Christoph Müller-Girod/Flickr

Sitting in Pembroke’s half-built auditorium awaiting the arrival of Grammy Award-winning composer Eric Whitacre, I start to get flashbacks to my music A-Level. A year ago, I was writing about the suspensions and cluster chords in his piece ‘Lux Aurumque’. Today, the atmosphere is much more relaxed. You would never guess we were listening to one of the most popular classical composers of his generation.

“Whitacre did not always want to pursue classical music; his initial dream was to be a pop star”

Indeed, far from the sterile impression you get from over-studying his pieces, Whitacre seems warm and whimsical. He says things like “I make music so the smaller part of my brain can communicate with the larger part” and “the poetry finds me” without sounding pretentious. Instead, he seems filled with a limitless and contagious enthusiasm for music.

Nevertheless, Whitacre did not always want to pursue classical music; his initial dream was to be a pop star. Until he joined a choir at university, he could not read music, and it was only through experimentation that he learnt to conduct. Now, however, he is a chart-topping conductor, an ambassador for the Royal College of Music and the visiting composer at Pembroke. His unconventional journey is an inspiration to those who lament that there is just one route to success in classical music.

Eric Whitacre pioneered the idea of a ‘virtual choir’YouTube (Eric Whitacre’s Virtual Choir)

Interviewing Eric Whitacre is Anna Lapwood, Pembroke’s director of music and herself an accomplished organist and conductor. She poses the crucial but oft-neglected question of how to remain focused when facing a mountain of expectations. Eric explains that he finds it hard to unwind after work but uses meditation to offset this. Anna says that she pictures herself teaching her girls’ choir to clear her head before shows and that she writes her worries on post-it notes so that they don’t interrupt her mid-practice.

“The ability to connect with listeners has expanded since the invention of the internet”

The pair goes on to paint a dismal picture of music journalism, with Whitacre recalling a review of his piece ‘Equus’ (meaning “horse” in Latin) which compared it to “what comes out of a horse”. According to Whitacre, the only possible explanation for this critique is that the reviewer must have had problems in his personal life. More likely, however, is that they were using sensationalism to boost sales. There is an unfortunate tendency among critics to pen extremely negative reviews, which grab your attention but offer nothing remotely useful to fans or musicians. This is an insult to the majority of reviewers who aim to provide genuine insights into the music. Nevertheless, Anna and Eric have devised a constructive response to this, noting that it is impossible to please everyone and that not every performance can be your best.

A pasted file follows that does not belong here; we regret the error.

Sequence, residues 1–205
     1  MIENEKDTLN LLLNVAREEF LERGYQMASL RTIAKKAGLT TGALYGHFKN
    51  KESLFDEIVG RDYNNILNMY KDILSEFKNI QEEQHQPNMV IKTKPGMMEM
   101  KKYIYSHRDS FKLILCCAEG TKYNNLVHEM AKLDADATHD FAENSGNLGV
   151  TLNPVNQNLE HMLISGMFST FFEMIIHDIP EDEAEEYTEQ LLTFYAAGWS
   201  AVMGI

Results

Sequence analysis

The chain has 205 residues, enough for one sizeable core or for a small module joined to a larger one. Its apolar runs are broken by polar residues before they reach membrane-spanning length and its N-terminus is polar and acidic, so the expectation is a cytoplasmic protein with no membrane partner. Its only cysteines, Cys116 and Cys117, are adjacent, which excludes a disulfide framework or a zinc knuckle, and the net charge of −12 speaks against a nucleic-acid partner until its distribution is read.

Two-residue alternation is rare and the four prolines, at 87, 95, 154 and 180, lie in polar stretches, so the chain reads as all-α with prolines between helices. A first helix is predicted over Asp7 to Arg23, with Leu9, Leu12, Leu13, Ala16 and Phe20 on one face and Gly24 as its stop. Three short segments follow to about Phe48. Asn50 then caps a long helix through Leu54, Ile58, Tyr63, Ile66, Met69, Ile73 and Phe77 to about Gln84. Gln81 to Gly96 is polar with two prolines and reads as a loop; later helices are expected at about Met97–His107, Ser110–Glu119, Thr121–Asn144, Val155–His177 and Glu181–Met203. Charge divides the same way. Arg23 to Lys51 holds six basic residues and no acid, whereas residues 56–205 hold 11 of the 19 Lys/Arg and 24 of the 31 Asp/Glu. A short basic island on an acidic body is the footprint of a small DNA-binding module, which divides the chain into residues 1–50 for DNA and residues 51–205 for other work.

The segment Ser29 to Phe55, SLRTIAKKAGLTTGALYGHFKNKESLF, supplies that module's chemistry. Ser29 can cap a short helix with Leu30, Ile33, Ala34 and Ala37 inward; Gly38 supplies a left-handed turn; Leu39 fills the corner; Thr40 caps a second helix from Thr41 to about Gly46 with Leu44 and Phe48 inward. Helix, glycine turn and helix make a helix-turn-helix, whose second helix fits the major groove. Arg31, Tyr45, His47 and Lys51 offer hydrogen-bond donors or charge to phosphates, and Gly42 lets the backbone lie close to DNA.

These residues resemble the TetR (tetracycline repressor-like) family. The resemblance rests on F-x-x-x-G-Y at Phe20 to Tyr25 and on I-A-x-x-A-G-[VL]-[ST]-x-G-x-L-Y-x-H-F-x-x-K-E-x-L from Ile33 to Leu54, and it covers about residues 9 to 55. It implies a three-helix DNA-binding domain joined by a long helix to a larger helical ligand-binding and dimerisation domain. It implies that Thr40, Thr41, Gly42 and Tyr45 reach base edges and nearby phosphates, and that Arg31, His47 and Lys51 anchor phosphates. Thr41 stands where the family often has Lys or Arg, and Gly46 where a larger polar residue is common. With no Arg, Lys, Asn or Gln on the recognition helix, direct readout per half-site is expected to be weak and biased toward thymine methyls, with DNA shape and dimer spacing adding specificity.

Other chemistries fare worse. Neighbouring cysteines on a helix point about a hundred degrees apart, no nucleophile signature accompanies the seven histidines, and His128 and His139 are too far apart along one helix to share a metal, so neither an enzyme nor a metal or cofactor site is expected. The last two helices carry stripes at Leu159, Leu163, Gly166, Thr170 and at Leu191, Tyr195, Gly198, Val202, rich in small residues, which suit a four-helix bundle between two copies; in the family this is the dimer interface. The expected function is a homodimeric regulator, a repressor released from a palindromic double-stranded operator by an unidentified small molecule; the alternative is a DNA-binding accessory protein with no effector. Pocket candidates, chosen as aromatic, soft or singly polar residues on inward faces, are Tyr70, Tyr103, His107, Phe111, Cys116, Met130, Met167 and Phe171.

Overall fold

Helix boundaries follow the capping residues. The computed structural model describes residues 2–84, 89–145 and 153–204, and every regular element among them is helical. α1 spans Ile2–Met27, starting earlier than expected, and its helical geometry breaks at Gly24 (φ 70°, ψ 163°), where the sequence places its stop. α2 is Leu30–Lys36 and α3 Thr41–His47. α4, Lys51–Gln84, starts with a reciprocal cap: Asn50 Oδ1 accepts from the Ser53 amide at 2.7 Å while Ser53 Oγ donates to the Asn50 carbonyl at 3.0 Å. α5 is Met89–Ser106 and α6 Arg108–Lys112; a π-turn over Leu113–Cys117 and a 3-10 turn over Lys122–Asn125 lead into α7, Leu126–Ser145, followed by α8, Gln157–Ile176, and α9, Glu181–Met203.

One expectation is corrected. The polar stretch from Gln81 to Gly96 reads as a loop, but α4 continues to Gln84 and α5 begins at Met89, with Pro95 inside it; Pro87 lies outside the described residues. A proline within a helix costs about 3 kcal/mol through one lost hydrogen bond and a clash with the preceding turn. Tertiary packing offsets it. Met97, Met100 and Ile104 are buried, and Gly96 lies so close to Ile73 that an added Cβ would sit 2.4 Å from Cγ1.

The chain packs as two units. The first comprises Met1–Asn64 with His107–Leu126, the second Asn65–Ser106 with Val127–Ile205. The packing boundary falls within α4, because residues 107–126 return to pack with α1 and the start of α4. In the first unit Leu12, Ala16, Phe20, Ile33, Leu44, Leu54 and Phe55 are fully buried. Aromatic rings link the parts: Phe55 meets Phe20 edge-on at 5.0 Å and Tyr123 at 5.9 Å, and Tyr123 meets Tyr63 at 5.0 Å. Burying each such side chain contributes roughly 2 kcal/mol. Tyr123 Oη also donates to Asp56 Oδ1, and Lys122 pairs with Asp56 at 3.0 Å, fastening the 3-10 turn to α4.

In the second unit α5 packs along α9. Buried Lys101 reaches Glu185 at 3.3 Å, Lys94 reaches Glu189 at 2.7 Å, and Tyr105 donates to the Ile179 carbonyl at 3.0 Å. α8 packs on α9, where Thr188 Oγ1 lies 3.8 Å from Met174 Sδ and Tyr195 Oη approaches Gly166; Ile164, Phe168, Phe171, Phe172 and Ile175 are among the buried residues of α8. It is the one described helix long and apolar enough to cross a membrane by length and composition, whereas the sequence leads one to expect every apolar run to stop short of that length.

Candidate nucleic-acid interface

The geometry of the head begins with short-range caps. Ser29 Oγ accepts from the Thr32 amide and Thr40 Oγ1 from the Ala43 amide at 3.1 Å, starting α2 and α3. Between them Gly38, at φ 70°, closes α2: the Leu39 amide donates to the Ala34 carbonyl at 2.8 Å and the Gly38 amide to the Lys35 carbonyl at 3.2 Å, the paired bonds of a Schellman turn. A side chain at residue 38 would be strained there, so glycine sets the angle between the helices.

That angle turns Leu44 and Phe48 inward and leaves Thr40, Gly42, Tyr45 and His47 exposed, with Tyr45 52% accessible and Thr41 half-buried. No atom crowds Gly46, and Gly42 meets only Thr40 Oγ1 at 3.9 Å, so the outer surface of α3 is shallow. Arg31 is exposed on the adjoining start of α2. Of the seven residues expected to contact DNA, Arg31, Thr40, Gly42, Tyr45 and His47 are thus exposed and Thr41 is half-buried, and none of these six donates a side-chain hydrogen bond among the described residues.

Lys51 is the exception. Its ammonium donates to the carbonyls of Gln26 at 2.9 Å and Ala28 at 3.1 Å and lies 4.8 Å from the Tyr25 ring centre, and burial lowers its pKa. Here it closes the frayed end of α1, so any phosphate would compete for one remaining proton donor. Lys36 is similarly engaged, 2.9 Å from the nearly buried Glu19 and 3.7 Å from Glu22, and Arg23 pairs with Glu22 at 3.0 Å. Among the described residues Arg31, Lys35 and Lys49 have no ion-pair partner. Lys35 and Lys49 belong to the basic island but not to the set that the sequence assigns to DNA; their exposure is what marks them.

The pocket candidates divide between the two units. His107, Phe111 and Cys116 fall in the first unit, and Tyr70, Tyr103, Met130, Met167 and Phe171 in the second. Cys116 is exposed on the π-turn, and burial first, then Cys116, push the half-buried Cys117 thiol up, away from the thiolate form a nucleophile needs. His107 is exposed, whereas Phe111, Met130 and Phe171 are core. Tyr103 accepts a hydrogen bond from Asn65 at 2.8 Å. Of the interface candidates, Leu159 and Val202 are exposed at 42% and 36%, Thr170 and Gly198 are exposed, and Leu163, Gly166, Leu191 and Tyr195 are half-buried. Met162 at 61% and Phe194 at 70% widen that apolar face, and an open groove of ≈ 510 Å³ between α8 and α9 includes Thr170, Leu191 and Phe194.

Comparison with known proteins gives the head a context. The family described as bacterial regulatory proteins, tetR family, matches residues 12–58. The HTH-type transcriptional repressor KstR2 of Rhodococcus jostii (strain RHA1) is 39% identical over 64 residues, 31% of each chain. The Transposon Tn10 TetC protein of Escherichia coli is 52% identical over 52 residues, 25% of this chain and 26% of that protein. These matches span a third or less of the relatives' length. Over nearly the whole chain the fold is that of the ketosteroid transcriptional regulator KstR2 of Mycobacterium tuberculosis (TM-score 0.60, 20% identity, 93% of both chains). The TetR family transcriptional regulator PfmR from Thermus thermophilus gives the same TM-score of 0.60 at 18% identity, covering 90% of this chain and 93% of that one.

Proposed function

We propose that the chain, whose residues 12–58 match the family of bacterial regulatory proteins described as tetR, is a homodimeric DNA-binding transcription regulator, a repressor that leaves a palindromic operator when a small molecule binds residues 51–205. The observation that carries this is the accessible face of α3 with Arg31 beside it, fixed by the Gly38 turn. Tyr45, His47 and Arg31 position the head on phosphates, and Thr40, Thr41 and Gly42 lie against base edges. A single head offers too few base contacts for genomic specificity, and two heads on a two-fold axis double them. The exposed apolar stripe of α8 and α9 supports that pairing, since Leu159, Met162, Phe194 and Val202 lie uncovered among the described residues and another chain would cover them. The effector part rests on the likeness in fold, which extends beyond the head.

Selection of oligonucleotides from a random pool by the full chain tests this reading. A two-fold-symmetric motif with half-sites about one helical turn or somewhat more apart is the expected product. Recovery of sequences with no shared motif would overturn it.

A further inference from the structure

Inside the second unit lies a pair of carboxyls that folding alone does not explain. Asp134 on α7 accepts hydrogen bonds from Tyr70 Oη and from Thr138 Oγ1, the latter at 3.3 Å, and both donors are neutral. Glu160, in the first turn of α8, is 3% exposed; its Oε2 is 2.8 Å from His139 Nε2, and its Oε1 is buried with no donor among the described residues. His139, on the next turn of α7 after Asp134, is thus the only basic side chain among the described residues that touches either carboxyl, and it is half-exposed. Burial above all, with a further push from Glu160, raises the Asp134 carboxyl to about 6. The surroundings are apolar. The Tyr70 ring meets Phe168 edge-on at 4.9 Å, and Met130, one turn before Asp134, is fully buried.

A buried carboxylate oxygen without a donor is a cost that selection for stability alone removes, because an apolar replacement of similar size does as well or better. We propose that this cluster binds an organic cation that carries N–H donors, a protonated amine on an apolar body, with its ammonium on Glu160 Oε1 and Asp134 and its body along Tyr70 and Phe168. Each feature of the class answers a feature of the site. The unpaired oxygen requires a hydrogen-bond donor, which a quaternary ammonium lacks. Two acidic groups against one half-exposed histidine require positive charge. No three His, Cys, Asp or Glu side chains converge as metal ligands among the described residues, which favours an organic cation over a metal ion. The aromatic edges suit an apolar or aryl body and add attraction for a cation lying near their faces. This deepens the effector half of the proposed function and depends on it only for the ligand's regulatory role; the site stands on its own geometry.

One of the points often raised by critics is that Whitacre’s work is too accessible. This reveals a confusing propensity to view anything new and popular as inferior, despite it being only the old, popular pieces that are performed at concert halls. Whitacre contends that the main aim of music should be to connect with your audience and that, by overcomplicating a piece, you are ignoring its performers.

“Perhaps his strangest prediction is that music will become one continuous track tailored to the individual”

This ability to connect with listeners has expanded since the invention of the Internet. When then-17-year-old Britlin Losee uploaded a cover of Whitacre’s ‘Sleep’ to YouTube in 2009, Eric responded by calling upon others to do the same. These clips were then edited together to produce the world’s first “virtual choir”. Once a novelty, virtual choirs became the norm during the pandemic. Whitacre explains that, although they will never equal the experience of singing in a real ensemble, virtual choirs offer vital opportunities to those for which that isn’t possible, whether this be due to a lack of confidence or a disability.


Mountain View

Interview: Eric Whitacre

Therefore, Whitacre is optimistic about technology’s implications for the music industry. He recalls that autotune initially seemed like a way to avoid hiring talented singers but ended up being used as an effect and hopes that something similar will happen for AI. Perhaps his strangest prediction is that music will become one continuous track tailored to the individual. Then again, with Spotify having released its AI DJ feature in February, maybe we’re closer to this than we think. Despite suggesting that AI could write better music than him, Whitacre seems more excited than fazed by recent developments. Indeed, when discussing streaming’s emphasis on singles over albums, Whitacre shared his willingness to work within constraints like previous composers.

This laid-back eccentricity was not necessarily what I expected from a man who has risen to the top of classical music. His “fireside chat” allowed me to attach a personality to the music that I had studied in ludicrous detail at A-Level and get a taste of what life as a professional musician must be like. Anna and Eric’s conversations about dealing with stress were undeniably valuable. However, it remains to be seen whether Whitacre’s predictions will come true.